What our community's leaders need to do is some serious research to get beyond the high-level terminology and into the nuts and bolts of what makes a good animal shelter tick. What do they do, how to do they do it, how do they operate, and what policies and protocols/procedures do they have in place? This is the business model we need to follow. It's not that hard to figure out, and they could also go visit places to see success first-hand.

It is clear to anyone who is not clueless about progressive sheltering who has walked into our shelter the stark difference in these terms, how far we still have to go, and how some ways in which our shelter operates are in direct opposition to a shelter headed in the No Kill direction. That our community has a long way to go is an understatement.


Jean Gilbert, Humane Society of Southern NM said...

This is a response to "Anonymous": I want to dispell myth that "no-kill" shelters are somehow synonymous with warehousing of animals while open admissions aren't. An illustration in point is our shelter with high kill rate of 12,000 animals annually with an intake of 17,000. The majority are killed yet warehousing & crowding are the rule of the day. If you question this, I urge you to visit. You will see dogs in adoptables kept in stalls with minimal living space, animals who are rarely taken out for exercise & socialization with majority allowed to languish with MINIMAL custodial service provided. Our shelter is not an exception, countless others like it typically called "pounds" exist across the country while other open admissions shelters just kill rather than use their space. The latter occurred at our shelter during the brief term of an incompetent director. To say "No Kill" means warehousing is a stereotype & myth that has long been perpetuated. Considerable literature & research exists to prove the point that "No Kill" is possible if ALL aspects of the equation for lifesaving programs & services are implemented. For example, one simple service that successful open admission no kill shelters offer is maintaining a list of people who want to adopt specific breeds & type of animals & then calling the people as animals come available for adoption consideration. This is one form of match making that successful shelters do. There are a multiple means to lifesaving & increasing live exit rates for animals. Simply holding them to languish isn't lifesaving & it isn't what NO KILL proponents are advocating.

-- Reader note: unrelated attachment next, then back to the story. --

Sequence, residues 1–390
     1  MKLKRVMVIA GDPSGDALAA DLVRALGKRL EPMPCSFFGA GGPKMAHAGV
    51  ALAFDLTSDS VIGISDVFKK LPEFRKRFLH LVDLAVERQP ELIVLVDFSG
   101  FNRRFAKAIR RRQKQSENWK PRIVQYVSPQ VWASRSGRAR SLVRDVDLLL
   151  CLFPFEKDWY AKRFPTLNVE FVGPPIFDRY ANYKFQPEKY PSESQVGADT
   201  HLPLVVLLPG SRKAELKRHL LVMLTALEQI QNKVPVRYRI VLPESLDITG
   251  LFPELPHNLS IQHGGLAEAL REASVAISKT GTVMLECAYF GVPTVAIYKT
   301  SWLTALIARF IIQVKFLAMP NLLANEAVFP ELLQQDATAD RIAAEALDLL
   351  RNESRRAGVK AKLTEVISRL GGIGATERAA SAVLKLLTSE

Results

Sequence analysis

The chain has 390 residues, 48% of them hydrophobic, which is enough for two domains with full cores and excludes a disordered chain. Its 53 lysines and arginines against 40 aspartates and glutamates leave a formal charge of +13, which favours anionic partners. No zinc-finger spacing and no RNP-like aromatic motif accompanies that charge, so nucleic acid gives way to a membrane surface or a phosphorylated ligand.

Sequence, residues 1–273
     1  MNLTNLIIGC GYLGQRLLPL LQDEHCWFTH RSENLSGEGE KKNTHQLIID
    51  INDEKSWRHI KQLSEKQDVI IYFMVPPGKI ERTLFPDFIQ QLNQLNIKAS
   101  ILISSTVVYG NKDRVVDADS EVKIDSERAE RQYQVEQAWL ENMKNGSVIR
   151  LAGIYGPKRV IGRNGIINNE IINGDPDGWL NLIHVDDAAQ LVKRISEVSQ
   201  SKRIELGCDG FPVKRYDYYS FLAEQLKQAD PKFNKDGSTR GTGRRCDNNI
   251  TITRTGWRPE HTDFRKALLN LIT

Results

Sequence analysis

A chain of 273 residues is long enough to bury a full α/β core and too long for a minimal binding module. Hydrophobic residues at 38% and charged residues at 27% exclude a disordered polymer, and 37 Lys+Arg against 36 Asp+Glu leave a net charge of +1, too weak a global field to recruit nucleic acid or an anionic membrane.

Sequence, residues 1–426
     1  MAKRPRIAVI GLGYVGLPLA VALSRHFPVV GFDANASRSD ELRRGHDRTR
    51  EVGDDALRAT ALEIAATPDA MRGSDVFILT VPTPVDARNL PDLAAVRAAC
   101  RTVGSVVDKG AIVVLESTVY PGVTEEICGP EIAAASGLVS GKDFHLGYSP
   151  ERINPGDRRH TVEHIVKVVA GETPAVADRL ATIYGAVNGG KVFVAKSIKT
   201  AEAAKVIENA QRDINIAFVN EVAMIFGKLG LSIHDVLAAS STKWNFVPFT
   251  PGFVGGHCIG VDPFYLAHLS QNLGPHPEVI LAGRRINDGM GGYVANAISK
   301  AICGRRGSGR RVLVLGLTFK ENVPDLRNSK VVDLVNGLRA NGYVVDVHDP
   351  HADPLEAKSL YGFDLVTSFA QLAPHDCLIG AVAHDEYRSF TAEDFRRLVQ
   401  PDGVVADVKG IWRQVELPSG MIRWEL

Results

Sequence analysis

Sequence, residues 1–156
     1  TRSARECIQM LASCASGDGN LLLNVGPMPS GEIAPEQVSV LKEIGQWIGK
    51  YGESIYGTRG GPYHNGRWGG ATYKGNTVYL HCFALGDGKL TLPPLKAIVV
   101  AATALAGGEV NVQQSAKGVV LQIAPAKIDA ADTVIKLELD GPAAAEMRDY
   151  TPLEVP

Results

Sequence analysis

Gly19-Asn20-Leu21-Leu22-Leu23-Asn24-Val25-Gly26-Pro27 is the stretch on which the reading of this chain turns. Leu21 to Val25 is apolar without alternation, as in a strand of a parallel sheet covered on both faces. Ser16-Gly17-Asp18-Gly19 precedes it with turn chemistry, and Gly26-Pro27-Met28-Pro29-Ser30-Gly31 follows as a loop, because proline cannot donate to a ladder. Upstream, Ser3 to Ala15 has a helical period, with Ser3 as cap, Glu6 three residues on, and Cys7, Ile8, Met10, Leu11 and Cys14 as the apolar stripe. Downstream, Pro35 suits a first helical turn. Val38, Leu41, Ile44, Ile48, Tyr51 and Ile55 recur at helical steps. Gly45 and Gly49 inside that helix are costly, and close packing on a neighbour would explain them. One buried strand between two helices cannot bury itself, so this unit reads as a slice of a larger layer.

Anonymous said...

what do you people want?
i remember when there were hardly any animals at the shelter to adopt. and you all were complaining that the shelter was euthanizing too much. now there are a lot more animals than ever before, and you still complain. and the euthanasia rate is the same.
all this tells me the intake numbers either increased or were a lot higher than the DACHS let on when they were in charge.
so why don't the HSSNM get their own facility and run things if they think they can do better.
It seems all the negativity on the animal situation here in this county is always coming from folks like you.
it is time for you to put up or shut up

Lorraine said...

People like this Anonymous always whine and complain the most when animal organizations are trying to get this local shelter to do better, which we know it can when the right people are in charge, and they stop feeling threatened by volunteers.